Musings of A Sarariman
Sept - Oct 2015
About two months ago, while I was writing my article for the summer issue, there was a trending topic that was about to be a major issue in the next few months and continue on, an issue that is challenging how to resolve the complex economic situation and the future state of the country due to the aging population and to sustain the country without ever having to rely on outside help. It is about promoting the need to hire foreign labor resources either by hiring them as contract workers on a short term basis or by welcoming them as immigrants for a long term solution. There was even a weekend special program to discuss the pros and cons of the topic and a real time online survey done on a public digital broadcast to assess the initial public reaction or acceptance. Obviously, the general answer was a big No at the moment.
This is not a new issue in Japan because there are already existing examples of communities where foreign labor is being used to the point where in a local town, foreigners occupy a big part of the population (take the example of Oizumi Town in Gunma Prefecture).
The choice to accept foreign labor or not will definitely be a growing concern in light of the imminent domestic labor shortage given the supposedly improving economy and the need to accelerate the infrastructures in preparation for the 2020 Tokyo Olympics.
But as we all know, Japan is one of the few countries, if not the only one, among developed economies that is not very open to the use of foreign talents in the domestic labor force. While corporations have struggled to promote foreign recruitment, there is still a huge barrier especially due to the very restrictive immigration laws and policies that hinder many corporations down to struggling farms and small enterprises from accessing foreign labor. The stringent qualification requirements for local employment discourage efficient hiring of skilled foreign professionals. As a result, some companies resort to using ‘low cost’ labor from developing countries disguised as trainee programs and it is very prone to abuse since trainees could only receive reasonable allowances much lower than the regular salaries of regular employees. At the worst, some companies even resort to hiring of illegal immigrants, driving the government to impose stringent penalties to employers.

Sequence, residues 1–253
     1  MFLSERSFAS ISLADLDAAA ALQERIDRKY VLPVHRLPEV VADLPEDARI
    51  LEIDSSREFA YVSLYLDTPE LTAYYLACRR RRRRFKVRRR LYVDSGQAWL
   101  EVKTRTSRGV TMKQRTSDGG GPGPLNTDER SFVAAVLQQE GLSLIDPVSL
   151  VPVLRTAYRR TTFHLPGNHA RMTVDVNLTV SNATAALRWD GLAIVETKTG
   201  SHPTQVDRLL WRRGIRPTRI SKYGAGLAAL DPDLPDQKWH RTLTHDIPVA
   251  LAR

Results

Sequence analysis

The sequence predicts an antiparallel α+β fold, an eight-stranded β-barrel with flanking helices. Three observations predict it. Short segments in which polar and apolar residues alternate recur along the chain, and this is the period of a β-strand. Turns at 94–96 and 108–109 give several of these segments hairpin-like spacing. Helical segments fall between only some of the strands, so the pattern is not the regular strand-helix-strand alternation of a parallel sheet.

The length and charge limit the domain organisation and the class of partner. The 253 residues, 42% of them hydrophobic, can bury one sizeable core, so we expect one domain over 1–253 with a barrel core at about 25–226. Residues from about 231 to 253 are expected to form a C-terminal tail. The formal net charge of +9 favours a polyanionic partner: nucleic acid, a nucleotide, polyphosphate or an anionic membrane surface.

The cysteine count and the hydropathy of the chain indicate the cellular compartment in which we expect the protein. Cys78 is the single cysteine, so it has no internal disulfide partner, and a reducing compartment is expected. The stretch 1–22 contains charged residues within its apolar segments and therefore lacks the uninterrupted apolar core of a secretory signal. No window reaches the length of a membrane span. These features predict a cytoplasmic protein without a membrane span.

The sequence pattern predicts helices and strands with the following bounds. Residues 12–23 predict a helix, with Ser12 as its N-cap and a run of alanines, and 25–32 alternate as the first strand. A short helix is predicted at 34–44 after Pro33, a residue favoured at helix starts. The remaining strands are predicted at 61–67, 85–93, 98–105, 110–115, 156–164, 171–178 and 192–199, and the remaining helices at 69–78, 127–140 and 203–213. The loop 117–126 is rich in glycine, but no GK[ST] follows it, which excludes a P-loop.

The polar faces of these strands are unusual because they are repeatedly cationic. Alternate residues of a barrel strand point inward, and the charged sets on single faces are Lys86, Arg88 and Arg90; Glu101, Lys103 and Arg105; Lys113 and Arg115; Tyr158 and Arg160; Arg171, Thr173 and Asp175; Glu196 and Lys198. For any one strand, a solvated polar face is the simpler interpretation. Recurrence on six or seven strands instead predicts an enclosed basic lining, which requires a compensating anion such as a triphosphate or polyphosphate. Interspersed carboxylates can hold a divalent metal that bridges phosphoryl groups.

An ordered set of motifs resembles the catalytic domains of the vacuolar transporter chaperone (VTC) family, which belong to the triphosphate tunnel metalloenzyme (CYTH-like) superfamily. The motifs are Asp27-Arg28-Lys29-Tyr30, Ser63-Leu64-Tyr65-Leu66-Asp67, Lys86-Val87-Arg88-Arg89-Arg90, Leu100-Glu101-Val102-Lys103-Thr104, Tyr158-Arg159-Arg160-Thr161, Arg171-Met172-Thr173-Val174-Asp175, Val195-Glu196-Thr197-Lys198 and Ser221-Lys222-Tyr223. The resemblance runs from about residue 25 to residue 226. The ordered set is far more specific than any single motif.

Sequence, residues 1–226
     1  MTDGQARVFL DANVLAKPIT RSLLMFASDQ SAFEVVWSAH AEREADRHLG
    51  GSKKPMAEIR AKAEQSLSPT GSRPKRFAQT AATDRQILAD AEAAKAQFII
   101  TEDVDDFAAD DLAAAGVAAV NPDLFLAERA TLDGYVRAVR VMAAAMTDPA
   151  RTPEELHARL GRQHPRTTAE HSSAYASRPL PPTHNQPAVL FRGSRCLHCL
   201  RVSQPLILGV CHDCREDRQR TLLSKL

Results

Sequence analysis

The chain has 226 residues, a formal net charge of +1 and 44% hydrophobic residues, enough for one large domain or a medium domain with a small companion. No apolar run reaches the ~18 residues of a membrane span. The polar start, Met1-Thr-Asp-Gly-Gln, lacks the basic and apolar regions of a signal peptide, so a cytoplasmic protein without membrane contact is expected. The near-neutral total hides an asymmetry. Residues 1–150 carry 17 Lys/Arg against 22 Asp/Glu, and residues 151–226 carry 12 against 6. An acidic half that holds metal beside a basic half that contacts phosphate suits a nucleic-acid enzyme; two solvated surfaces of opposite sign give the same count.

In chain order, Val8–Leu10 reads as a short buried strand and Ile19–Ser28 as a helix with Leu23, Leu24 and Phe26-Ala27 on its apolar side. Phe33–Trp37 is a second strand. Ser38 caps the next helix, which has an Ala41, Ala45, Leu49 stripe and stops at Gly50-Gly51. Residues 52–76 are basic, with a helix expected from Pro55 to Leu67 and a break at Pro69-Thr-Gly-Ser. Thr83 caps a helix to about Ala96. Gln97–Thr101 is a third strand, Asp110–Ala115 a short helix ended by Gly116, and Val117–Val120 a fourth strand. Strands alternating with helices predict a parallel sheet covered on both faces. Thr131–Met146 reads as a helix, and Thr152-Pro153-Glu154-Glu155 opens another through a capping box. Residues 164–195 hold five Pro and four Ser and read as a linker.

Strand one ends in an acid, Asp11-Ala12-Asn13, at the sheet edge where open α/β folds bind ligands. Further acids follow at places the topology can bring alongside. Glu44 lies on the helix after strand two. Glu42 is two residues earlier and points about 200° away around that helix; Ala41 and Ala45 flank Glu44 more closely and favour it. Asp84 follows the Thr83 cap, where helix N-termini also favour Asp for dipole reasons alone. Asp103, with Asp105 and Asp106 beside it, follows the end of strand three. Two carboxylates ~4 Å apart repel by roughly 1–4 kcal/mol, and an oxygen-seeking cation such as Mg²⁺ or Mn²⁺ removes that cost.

Although Japan has struggled for years to adapt itself to internationalization or globalization, it seems to be more on an outward manner, that is, for the Japanese to be able to survive in a world of cultural diversity and to be a player in the international arena, the focus was placed more on mastering the English language. Although, I see it the very first step for the Japanese to be able to communicate effectively when they go to the outside world, there are more important things to be a major part of globalization. The topic here about integrating foreign talents into the Japanese local scene is somewhat opposite to the widely known concept of globalization, I kind of coined the term ‘Domestic Globalization’.